Legal capacity can be a difficult concept to understand. For those who are concerned about a loved one’s ability to care for herself or to make financial decisions, the answer to the question of whether their loved one has capacity may seem obvious. Forgetfulness, confusion, and even mild dementia are often viewed as indicative of a lack of or diminished mental capacity. While that may be true, legal capacity involves more than the presence of one or more markers.
The courts have held that legal capacity is fluid. It is decision, time and situation specific. There is no hierarchy of capacity based on the decision to be made. An individual may be incapable of caring for herself regarding health care, nutrition, shelter, clothing and hygiene, yet capable of granting a power of attorney for property. This could be counter-intuitive to some because decisions involving property may seem like the more difficult mental task.
How do the courts determine if someone is or was legally capable? The starting point is to consider the type of decision being made. If the individual wants to, for example, appoint a new attorney for property, the question is whether the individual has the capacity to grant a power of attorney for property on the day the document is executed. The Substitute Decisions Act, 1992, S.O. 1992, c. 30, provides the following legal test for granting a continuing power of attorney for property:
Capacity to give continuing power of attorney
8 (1) A person is capable of giving a continuing power of attorney if he or she,
(a) knows what kind of property he or she has and its approximate value;
(b) is aware of obligations owed to his or her dependants;
(c) knows that the attorney will be able to do on the person’s behalf anything in respect of property that the person could do if capable, except make a will, subject to the conditions and restrictions set out in the power of attorney;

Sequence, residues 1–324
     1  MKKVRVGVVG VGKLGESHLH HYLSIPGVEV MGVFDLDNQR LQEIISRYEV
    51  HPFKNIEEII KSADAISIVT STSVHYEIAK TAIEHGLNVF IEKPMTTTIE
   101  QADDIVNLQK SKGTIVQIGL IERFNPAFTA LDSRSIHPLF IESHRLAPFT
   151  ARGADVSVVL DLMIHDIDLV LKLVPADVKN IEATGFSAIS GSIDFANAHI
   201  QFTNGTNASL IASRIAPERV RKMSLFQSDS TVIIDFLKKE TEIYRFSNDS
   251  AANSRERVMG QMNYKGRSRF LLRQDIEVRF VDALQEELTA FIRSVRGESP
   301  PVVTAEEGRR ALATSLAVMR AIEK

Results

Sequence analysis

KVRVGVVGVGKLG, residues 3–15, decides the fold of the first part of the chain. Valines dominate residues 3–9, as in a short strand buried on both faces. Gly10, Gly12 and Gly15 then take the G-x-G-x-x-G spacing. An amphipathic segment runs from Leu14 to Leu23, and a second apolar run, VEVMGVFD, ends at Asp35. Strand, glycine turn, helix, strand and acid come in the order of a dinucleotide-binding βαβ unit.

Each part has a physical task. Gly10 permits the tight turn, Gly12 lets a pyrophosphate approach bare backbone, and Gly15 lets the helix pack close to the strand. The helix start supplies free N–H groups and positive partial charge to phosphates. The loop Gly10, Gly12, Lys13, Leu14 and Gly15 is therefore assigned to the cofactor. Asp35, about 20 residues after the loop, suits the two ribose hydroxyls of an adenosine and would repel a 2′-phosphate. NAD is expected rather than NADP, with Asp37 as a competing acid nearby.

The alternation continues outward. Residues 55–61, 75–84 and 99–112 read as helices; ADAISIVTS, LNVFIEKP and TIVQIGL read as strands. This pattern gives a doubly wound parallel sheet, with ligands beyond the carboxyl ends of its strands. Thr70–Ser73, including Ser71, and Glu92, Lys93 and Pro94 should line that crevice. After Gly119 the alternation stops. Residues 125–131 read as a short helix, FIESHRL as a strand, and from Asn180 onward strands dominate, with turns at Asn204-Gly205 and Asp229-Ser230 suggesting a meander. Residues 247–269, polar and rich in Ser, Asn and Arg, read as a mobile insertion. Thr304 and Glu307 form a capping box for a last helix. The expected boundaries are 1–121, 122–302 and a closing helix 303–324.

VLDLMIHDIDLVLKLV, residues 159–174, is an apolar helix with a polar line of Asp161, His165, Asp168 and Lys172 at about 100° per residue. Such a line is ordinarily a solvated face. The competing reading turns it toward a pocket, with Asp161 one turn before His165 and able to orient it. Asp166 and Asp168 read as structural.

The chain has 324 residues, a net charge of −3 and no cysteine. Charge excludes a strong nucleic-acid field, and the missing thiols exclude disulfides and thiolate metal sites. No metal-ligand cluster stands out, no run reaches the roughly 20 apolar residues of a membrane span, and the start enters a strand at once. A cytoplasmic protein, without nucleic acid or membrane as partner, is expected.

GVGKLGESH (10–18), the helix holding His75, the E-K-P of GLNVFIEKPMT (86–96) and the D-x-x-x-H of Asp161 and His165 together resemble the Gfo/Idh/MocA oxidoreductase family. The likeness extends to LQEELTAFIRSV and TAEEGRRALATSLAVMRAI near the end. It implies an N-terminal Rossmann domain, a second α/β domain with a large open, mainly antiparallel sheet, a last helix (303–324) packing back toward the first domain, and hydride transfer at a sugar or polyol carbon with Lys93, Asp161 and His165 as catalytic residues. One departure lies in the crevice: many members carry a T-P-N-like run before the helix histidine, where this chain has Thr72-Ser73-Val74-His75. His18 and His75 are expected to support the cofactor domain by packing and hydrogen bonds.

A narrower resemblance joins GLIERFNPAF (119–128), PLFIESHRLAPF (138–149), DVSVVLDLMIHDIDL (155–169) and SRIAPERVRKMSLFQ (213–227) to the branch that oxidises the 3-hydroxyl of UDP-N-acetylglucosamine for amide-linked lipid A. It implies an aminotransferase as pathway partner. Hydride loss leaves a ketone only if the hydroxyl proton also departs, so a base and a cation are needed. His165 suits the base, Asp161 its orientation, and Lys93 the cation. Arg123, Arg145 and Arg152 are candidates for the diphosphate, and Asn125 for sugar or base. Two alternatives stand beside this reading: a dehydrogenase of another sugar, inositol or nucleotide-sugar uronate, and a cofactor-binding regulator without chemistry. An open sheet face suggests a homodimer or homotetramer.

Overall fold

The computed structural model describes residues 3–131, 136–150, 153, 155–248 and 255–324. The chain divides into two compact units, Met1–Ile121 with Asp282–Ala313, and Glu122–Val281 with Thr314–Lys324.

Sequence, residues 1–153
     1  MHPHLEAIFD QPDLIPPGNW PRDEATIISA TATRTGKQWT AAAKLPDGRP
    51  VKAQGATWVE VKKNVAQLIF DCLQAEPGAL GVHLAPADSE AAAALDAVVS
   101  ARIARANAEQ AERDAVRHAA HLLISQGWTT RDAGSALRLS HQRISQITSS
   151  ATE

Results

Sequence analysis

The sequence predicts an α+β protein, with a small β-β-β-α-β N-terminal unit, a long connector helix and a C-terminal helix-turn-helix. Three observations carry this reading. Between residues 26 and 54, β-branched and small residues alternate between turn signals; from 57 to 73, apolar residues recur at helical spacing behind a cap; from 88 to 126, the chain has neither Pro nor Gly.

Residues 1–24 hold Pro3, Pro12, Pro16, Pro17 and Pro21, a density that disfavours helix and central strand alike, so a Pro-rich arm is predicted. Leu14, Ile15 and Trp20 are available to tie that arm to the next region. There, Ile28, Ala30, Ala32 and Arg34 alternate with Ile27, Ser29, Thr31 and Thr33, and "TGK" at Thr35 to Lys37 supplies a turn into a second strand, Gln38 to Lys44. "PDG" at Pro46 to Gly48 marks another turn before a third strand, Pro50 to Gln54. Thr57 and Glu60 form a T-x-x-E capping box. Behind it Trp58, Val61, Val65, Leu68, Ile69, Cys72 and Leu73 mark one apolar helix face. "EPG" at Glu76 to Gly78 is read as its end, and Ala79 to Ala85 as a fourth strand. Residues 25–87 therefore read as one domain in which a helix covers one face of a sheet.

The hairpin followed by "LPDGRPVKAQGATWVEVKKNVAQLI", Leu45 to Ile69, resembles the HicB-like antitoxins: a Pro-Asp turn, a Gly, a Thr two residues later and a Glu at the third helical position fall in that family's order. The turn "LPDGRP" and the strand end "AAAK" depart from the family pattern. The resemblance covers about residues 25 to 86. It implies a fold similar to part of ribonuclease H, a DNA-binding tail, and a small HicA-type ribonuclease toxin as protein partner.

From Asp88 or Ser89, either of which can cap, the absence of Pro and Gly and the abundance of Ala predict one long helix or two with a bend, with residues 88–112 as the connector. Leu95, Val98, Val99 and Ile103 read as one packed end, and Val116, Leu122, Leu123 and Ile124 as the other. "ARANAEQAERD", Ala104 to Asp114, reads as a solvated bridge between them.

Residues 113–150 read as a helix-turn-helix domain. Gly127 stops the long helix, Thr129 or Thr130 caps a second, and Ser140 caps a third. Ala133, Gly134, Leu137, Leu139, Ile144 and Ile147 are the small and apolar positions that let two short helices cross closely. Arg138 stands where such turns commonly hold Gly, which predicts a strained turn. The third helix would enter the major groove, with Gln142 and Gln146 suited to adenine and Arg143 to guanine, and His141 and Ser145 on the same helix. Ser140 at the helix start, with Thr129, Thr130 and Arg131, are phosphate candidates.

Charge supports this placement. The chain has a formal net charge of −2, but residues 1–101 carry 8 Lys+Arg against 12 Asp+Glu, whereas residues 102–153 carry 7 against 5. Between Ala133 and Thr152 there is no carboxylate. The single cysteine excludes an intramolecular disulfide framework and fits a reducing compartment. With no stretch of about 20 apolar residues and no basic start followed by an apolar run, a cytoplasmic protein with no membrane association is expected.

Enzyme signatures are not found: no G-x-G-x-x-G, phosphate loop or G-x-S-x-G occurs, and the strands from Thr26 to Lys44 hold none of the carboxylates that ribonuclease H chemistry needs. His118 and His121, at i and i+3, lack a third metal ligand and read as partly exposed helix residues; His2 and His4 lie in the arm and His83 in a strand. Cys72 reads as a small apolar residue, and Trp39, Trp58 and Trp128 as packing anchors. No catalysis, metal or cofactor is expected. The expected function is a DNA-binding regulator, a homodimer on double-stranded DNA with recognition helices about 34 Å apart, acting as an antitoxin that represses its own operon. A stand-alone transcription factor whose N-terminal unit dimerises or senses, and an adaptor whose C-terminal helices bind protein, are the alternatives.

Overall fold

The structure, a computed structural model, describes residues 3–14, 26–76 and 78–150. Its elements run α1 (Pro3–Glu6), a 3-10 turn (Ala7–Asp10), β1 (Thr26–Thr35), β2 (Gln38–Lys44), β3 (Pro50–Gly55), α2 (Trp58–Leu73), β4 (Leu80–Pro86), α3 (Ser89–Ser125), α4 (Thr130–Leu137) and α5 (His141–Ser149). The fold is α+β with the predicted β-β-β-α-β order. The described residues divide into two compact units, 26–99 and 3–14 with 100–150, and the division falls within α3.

(d) knows that the attorney must account for his or her dealings with the person’s property;
(e) knows that he or she may, if capable, revoke the continuing power of attorney;
(f) appreciates that unless the attorney manages the property prudently its value may decline; and
(g) appreciates the possibility that the attorney could misuse the authority given to him or her.
The legal test is just the beginning of the analysis. How do we answer the questions listed in subsections 8(a) through (g)? Some may believe that the answers lie with their loved one’s doctors or medical team. While the opinions of medical experts may be relevant they are not determinative of the issue of legal capacity. The court has said that “medical-legal capacity is a social construct that requires the trier of fact to take into account factors that go beyond simple medical assessments of capacity.” (Tanti v. Tanti et al., 2020 ONSC 8063, at para 45.)
The opinions of other professionals who have assessed capacity may also be relevant. For example, if a lawyer is involved in the preparation of the power of attorney for property, her opinion of her client’s ability to execute that document will likely be relevant. It will be one of many factors that the court may consider. The court may also consider the evidence of the family members and friends, those who interacted with the individual leading up to, on the day of, and after the decision was made. Contemporaneous evidence is often preferred to retrospective assessments and opinions. In the case of the lawyer, and family members and friends, the court will be alive to the risk of possible self-serving evidence.
The question of whether an individual had or has legal capacity is not an easy one. While it may be tempting to point to one piece of evidence of diminished capacity as conclusive, the answer involves a multi-factored analysis which recognizes the fluidity of legal capacity.